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Alcohol exercise

Alcohol and Sport & Exercise

Most of us can appreciate why we treat ourselves to a couple of alcoholic drinks here and there, especially around the festive period… but have you ever thought about the impact of Alcohol on Sport?

As everything in life it is important to consider a BALANCE.

A simple thing to do, especially if you are sitting around a dinner table, is to drink an equal amount of water as the alcoholic drink. Enjoy the glass of wine with the meal but drink water if you are thirsty. This will help you “dilute” the effect of alcohol and will keep you hydrated.

Of course a healthy exercise regime will help to offset some of the negative impacts of excessive drinking but be aware of some dangers if you are thinking of going for a run to try and conquer that Boxing Day hangover.

EXERCISING WITH A HANGOVER

Your performance will undoubtedly be reduced if you work out or play sports with alcohol still in your system… There are two main reasons for this:

  • Dehydration: Alcohol is actually a diuretic that promotes fluid loss and contributes to dehydration (hence the glass of water next to the wine). If you are planning to go for a run you might experience cramps or even pull calf or hamstring muscles for example
  • Coordination may well be impacted: You are less likely to recognise your limits – for instance, if you’re lifting weights. This means you are much more likely to sustain an injury or strain something.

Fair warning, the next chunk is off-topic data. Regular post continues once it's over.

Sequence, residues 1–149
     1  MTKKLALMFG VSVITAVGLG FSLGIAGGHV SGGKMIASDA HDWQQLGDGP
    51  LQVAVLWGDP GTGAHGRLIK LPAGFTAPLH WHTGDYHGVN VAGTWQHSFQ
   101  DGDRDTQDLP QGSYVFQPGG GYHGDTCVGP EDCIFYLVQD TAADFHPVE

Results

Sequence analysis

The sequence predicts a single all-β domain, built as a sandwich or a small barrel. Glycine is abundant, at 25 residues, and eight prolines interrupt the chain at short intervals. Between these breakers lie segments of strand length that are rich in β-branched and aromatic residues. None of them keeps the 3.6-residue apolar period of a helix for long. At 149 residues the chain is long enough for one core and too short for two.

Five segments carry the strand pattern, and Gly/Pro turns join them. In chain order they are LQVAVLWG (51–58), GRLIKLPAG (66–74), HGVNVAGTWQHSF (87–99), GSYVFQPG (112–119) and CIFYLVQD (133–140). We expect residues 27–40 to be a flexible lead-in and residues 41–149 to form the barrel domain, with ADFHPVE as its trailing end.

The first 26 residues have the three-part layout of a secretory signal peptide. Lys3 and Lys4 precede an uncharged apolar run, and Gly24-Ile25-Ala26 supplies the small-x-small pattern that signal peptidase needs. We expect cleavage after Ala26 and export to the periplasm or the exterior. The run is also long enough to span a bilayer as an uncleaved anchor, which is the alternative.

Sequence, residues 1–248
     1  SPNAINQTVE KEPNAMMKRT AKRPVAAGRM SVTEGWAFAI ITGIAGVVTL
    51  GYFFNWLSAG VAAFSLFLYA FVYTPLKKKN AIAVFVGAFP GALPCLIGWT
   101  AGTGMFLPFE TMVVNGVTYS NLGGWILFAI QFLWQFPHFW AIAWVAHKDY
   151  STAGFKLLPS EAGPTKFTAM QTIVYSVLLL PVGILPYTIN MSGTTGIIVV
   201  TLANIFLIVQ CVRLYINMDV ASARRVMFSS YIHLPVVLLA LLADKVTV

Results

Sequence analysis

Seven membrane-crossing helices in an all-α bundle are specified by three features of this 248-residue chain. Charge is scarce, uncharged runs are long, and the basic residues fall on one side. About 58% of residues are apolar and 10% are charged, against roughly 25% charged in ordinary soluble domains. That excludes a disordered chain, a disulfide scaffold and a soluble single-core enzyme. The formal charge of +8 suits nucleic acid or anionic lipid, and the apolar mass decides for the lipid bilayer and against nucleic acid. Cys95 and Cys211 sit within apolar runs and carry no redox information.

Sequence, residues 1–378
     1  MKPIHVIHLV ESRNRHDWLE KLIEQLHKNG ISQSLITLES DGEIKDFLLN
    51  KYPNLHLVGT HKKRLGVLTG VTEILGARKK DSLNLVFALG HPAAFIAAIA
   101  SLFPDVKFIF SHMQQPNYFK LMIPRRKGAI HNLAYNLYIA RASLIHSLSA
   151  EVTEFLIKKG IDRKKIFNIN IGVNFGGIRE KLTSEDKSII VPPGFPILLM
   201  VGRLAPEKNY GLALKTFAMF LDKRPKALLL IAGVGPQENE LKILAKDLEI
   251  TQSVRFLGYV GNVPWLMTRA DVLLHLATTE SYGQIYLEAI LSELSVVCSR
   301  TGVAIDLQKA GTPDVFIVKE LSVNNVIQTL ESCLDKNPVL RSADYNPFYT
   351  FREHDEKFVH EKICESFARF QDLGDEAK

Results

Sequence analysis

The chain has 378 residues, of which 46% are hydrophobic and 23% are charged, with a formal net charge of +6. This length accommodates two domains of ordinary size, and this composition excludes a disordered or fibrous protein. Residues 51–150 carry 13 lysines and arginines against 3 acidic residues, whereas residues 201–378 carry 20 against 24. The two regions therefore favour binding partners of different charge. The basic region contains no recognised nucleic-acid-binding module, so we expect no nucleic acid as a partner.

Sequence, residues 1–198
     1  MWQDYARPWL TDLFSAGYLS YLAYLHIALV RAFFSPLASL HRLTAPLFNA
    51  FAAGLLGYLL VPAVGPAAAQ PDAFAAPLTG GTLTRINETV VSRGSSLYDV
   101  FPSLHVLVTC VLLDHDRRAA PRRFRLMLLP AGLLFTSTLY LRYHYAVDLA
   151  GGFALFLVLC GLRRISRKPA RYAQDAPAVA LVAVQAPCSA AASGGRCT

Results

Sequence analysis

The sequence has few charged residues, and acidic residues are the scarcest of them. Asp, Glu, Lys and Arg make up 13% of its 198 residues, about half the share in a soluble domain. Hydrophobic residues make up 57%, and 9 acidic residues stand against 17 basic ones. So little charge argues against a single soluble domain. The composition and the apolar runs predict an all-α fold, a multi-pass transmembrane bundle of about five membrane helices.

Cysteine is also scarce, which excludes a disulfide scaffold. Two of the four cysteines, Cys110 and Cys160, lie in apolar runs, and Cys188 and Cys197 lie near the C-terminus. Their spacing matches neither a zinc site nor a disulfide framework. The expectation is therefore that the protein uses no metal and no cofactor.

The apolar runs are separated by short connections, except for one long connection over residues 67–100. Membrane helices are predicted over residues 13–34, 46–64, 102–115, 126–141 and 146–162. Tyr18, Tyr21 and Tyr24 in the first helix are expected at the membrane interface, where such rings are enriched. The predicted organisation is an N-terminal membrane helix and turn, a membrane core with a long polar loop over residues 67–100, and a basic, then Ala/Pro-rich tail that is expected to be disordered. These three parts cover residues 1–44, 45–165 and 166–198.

DRINKING POST-WORKOUT/SPORTS MATCH

 

Wondering whether to head straight to the pub after your training session or match?

Ever thought if you actually could be sabotaging your work out?

Drinking alcohol after exercise can impact your post-workout recovery.

  • Alcohol slows down the repair process of muscle damage.
  • Strength and weight training stimulates increased testosterone levels, heavy drinking may lower testosterone levels, and impact the way in which the body uses this type of hormone.
  • If you have a soft tissue injuryalcohol opens up the blood vessels and encourages swelling at the injury site.
  • Drinking alcohol is also known to decrease sleep duration  when consumed after exercise. This affect the muscle regeneration.

And as always, REMEMBER: Don’t drink and drive this Christmas!

The legal limit allows an average sized man to drink as many as 4 units of alcohol (around two pints of normal strength beer) and women can drink 3 (the equivalent of a large glass of average strength wine).

But why risk your and somebody else’s life? Enjoy your drink and DO NOT DRIVE